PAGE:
United Launch Alliance called off the planned launch of an Atlas 5 rocket Wednesday at Cape Canaveral to resolve a problem with valves at the launch pad, while a SpaceX team a mile-and-a-half to the south readied a Falcon 9 rocket for liftoff Thursday evening with a GPS navigation satellite for the U.S. military.
SpaceX is replacing two engines on the Falcon 9 booster set to launch four astronauts next month on the company’s first operational Crew Dragon flight to the International Space Station, following an investigation that revealed a subcontractor failed to adequately clean out narrow vent ports on multiple engines across the company’s fleet, officials said Wednesday.
After a two-week delay to evaluate a concern with Falcon 9 rocket engines, NASA and SpaceX have set Nov. 14 as the target launch date for the first operational Crew Dragon flight to the International Space Station, kicking off a half-year expedition in orbit for three U.S. astronauts and a veteran Japanese space flier.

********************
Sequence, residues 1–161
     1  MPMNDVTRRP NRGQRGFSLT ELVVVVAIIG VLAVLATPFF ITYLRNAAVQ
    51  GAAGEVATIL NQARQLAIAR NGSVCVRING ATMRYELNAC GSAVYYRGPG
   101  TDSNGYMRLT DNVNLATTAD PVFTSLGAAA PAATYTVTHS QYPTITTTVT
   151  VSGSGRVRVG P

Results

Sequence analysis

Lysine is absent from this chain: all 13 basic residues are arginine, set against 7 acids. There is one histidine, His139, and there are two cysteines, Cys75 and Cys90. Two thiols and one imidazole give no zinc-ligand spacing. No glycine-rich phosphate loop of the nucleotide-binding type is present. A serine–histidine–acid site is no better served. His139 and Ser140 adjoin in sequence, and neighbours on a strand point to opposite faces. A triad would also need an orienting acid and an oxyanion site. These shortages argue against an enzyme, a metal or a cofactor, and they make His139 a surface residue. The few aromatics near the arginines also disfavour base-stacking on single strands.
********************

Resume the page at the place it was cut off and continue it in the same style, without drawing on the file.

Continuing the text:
NASA said Saturday that the launch of four astronauts on SpaceX’s first operational Crew Dragon mission to the International Space Station has been delayed from Oct. 31 until “no sooner than early-to-mid November,” allowing time for SpaceX to resolve an issue with Falcon 9 rocket engines that halted a recent launch attempt with a GPS navigation satellite.
The Space Force says it changed the nickname of a GPS navigation satellite launched in June from Columbus to instead honor Matthew Henson, a Black explorer on the first expedition to the North Pole more than a century ago, “to acknowledge a fuller history of courageous explorers and pioneers.” The military’s next GPS navigation satellite, set for launch Friday night, is nicknamed Sacagawea.